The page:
BRIAN BASHAM, HOST: Today is Tuesday, July 28th.
You’re listening to The World and Everything in It and we are so glad you are!
Good morning. I’m Brian Basham.
MARY REICHARD, HOST: And I’m Mary Reichard.
Coming next: honoring a hometown hero. A few years ago we featured a Georgia man on our occasional series, What Do People Do All Day?
After retirement,Vance Luke spent the next 30 years of his life serving both local and international communities. He died one year ago but we just learned of it this month. WORLD reporter Myrna Brown brings his story.
AMBI: OUTDOORS GOD’S FARM: (lawn mower starts)
MYRNA BROWN, REPORTER: It was the summer of 20-18. Vance Luke sat on a red, industrial lawn mower, ready to wage war on ankle-high grass. On that warm day in Temple, Georgia, Luke was just a few weeks shy of his 100th birthday.
LARRY TEEM: I got a friend I want to introduce you to. Myrna wants to interview you because you’re so young.
Larry Teem owns the 58-acre day and residential campground for underserved children and youth. He calls it God’s Farm. Luke was his grounds and maintenance man.
TEEM: One time I thought wouldn’t it be great if we could get a hydroelectric coming off our creek. I said how do we know how much power we can get from a stream? He goes, it’s the head and the flow and he starts scribbling. And I said Vance when’s the last time you used that formula. And he said back in college, which was in the 30s.
Serving, Luke said, kept his mind and body young.
LUKE: Well I really don’t feel much different than I did when I was 60. Keep working, just keep doing something even when you don’t feel like doing it.
Born in Aberdeen, South Dakota, on September 25, 1918, Vance Luke grew up on a farm. Later, he served as a major in the Army Air Corps during World War II. A mechanical engineer, he worked on the fuel system for the B-52 bomber. When he retired, he used his hands and mind to build and repair nearly every building on God’s Farm. But Teem says Luke’s greatest asset was unseen.
LARRY TEEM: He knew who he was in Christ and that was the guiding source of his life.
LUKE: My prayer is that He keeps me healthy until He takes me home.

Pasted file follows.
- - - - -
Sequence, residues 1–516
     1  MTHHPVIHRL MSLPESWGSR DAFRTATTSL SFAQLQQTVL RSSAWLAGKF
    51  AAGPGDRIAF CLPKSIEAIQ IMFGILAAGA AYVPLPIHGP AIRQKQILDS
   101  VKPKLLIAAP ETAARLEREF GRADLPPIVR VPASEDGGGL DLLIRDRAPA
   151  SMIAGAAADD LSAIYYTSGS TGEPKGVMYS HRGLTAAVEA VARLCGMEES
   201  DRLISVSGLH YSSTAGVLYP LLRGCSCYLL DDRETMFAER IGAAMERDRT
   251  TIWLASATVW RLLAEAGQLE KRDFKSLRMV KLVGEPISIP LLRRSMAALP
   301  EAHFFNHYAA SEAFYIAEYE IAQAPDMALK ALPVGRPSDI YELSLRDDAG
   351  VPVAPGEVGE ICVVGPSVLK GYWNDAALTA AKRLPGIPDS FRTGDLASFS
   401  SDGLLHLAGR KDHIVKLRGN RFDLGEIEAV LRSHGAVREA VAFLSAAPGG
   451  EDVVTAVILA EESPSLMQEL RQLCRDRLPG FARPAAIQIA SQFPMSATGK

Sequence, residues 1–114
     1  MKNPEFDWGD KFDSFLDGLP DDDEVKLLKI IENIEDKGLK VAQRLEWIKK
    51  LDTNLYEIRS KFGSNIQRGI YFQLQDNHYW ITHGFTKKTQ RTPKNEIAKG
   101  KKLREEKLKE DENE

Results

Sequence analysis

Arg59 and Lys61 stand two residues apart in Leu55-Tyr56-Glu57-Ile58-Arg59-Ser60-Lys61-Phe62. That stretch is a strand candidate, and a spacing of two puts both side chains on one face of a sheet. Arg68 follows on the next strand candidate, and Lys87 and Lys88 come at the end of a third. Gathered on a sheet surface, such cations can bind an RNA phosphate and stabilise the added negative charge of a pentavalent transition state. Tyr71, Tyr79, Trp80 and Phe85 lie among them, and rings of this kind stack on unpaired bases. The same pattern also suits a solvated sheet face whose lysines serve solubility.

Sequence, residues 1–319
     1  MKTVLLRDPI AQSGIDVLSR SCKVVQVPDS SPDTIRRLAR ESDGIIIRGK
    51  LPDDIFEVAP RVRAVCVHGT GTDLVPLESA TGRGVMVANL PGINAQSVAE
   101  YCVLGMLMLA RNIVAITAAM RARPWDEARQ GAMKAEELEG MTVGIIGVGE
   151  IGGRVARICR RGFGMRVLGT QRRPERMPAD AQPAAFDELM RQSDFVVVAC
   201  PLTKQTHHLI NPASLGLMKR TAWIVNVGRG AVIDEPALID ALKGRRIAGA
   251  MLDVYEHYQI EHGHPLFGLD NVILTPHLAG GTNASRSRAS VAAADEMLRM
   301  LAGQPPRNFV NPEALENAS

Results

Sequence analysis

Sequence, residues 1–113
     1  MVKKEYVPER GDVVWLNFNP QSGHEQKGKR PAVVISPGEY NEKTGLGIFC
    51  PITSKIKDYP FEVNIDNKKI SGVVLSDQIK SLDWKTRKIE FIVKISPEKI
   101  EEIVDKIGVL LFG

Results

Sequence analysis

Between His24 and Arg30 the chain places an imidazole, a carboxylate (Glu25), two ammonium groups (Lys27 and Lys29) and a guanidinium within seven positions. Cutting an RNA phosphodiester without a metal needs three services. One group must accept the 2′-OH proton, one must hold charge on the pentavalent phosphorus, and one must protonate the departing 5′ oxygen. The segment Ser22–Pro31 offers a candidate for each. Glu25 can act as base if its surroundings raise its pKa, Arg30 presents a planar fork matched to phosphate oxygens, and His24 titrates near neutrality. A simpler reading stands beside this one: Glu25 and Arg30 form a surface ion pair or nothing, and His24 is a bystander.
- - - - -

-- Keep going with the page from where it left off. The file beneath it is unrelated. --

On Saturday, August 17, 20-19 Luke had a one-car accident about 15 minutes into his hour-long drive home.
TEEM: He actually picked figs that morning and then cut grass.
Teem says they believe he had a heart attack or stroke while driving.
TEEM: I called his daughter Kay up in Ohio. And she just said, you know, he went out with his boots on. He worked all day. He didn’t suffer and he didn’t hurt anybody.
Married 65 years before the death of his wife Mary Gay, the Lukes raised three childen, Ginger, Vance Jr., and Kay.
KAY MASON: I knew that he prayed for all of us by name every night on his knees. And I counted on that.
Seventy-five-year-old Kay Mason says she and her siblings also looked forward to their annual mission trips with their father—all seven of them. Luke was 93-years old on their first trek to Africa.
KAY MASON: And we said, should we ask dad? And Jr. said, well you better tell him that it’s a 25-hour flight and it’s rough terrain and high altitude. As soon as I told him, he said, yep I’m going.
Luke was in charge of construction. Mason says her father worked harder than any of them.
KAY MASON: We built two classrooms, a kitchen, and a 350 chicken coop. And we visited families, we got shoes for kids that didn’t have shoes. We started the lunch program and five farms there. So, he was right there in the middle of all of it. Well actually, he was leading a lot of it because he knew a lot more than we did.
They even celebrated his 100th birthday in Africa.
KAY MASON: There’s this little restaurant in the town of Kajabi and they knew we were coming to celebrate his birthday. And there were a number of Kenyans that had just come pretending that they were having dinner. They wanted to see what dinner for a hundred year old was going to be like.
Luke was also a grandfather to six, great grandfather to nine and great-great grandfather to three.
BETH: My name is Beth and I’m a granddaughter of Vance Luke. I am the second oldest of six grandchildren.
A nurse in the Navy, Beth is serving her last tour of duty in Southern Italy. While she wasn’t able to attend Luke’s homegoing service, she says she has another special memory of her grandpa.
BETH: I had recently transferred to Okinawa, Japan. So, I was getting ready for work one day listening to The World And Everything in It. And I got to the piece on What do people do all day, and thought, this story sounds familiar. And so I started listening a little more intently and then I heard my grandfather’s voice and I couldn’t believe it! It was such a blessing to me being so far away and a surprise you know, to hear his voice and to listen to that story.
Beth says she immediately called her grandfather for more details.
BETH: I said grandpa, I just heard you on a newscast that I listen to every morning. And he just started laughing. He just, you know, started laughing.
She calls that a classic Vance Luke response.
BETH: I’ve always just been amazed by his humility and his servant heart.
AMBI: FARM ANIMALS
Back on the farm, a brand new building is going up. It’s the first structure Vance Luke didn’t have his hands on, but Teem says his influence is all over it.
LARRY TEEM: We’re calling it the Vance Luke Training Center. We realized how many kids don’t know how to hammer a nail or use a screw gun. So we’re taking kids and just teaching them how to build things and paint things and how to take things apart and put them back together again. That’s one of his legacies on the farm.
AMBI FROM LAWN MOWER
Reporting for WORLD, I’m Myrna Brown.